So, to finish, this is a fine comedy, albeit one with serious issues. I also haven't the slightest idea why it's called Lover Come Back. Still, I recommend it to Doris Day and Rock Hudson fans...

Jam (2000)

Some comedies are lighthearted, some are more risque, while others are more ribald. Then there are those that are dark. Black comedies can come in various forms, and the one I'll be looking at today, 2000's Chris Morris helmed sketch show Jam, is so dark and morbid that come consider it to be just as much horror as it is comedy...

Jam has a ghoulish sense of humour, will make you laugh out loud sometimes, and then you'll probably feel creeped out at yourself for having done so...Unless you're like me, in which case you would've just laughed and thought nothing more.

The sketches include such ideas and plots as a man trying to commit suicide by jumping off a first floor balcony forty times rather than just jump off a fortieth floor in case he decided to change his mind part-way through suicide, or one where a man in a noose ties it to his car and sets it off, so it'll decapitate him, but it gets in a car wreck, leaving him completely uninjured. One of my favourite sketches is the one where a man needs to dispose of a body, and the specialist he hires is a six-year old girl.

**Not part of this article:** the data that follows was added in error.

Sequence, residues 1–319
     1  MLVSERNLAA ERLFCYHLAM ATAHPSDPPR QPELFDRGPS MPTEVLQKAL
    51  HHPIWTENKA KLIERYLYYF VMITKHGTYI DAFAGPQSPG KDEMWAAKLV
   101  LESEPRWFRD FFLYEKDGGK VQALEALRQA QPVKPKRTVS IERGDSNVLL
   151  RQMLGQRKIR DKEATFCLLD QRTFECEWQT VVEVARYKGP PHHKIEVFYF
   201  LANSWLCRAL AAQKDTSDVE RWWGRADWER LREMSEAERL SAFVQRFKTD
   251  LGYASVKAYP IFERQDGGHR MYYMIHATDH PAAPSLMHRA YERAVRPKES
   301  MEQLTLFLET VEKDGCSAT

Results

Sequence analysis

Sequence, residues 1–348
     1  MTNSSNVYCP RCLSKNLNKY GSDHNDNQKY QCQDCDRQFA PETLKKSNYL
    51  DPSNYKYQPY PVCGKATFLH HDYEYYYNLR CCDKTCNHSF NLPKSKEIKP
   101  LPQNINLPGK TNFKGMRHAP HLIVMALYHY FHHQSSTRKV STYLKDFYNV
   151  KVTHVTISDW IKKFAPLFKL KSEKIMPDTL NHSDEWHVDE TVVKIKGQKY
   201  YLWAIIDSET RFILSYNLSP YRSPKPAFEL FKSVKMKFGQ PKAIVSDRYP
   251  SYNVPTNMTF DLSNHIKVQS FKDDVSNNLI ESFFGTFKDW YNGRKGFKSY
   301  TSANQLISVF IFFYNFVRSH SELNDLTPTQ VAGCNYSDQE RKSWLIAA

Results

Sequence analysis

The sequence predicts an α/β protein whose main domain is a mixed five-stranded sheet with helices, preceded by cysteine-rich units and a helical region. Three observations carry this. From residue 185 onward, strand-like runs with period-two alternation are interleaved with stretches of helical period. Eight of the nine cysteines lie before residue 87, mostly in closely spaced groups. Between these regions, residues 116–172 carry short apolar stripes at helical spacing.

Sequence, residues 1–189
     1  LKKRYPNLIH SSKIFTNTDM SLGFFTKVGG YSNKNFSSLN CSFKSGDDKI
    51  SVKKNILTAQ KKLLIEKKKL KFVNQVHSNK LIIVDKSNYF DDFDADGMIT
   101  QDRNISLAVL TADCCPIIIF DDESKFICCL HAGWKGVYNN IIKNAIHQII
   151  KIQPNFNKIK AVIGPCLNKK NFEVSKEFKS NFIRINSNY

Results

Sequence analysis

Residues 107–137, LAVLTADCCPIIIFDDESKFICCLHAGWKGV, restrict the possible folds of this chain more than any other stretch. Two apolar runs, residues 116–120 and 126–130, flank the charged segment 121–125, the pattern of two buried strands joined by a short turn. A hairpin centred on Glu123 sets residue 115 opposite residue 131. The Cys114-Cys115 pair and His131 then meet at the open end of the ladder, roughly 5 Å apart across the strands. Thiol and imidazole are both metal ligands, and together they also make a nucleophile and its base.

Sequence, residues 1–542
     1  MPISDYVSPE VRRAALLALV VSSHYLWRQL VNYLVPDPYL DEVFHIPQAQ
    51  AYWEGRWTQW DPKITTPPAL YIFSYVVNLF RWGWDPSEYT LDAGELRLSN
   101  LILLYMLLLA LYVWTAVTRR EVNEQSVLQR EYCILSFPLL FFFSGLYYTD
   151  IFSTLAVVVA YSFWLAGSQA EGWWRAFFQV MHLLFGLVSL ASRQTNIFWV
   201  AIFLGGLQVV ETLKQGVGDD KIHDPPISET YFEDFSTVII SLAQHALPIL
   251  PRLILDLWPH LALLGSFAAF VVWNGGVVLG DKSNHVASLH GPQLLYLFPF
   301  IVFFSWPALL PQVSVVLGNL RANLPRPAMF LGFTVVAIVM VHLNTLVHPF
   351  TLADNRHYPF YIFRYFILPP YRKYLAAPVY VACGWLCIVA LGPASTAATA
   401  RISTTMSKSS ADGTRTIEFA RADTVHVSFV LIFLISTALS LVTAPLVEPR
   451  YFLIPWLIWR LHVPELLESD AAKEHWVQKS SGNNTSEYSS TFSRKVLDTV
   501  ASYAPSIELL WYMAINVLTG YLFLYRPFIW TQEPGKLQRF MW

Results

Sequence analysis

Some of the sketches in Jam are gross, others have a horrific bent to them, while some are just plain old surreal, like a doctor who consults his patients over the phone even though they're in his office, and one about a faulty television that pours out lizards.

Some have some very questionable moments such as the Gush sketch, which pointlessly shows very sexually explicit material (albeit using prosthetics, but you wouldn't necessarily notice). Now, my issue with this sketch isn't so much that it shows this explicit stuff, but rather that it shows so little of it, making it pointless to try and push this envelope in the first place-They might as well have shown nothing.

Not all the humour in Jam works. Some are unfunny, and some seem to lack a punchline, like the one with the jilted boyfriend (I guess) who goes outside his girlfriends window and kills himself. There's no joke, he just kills himself offscreen, the woman shrieks, sketch over.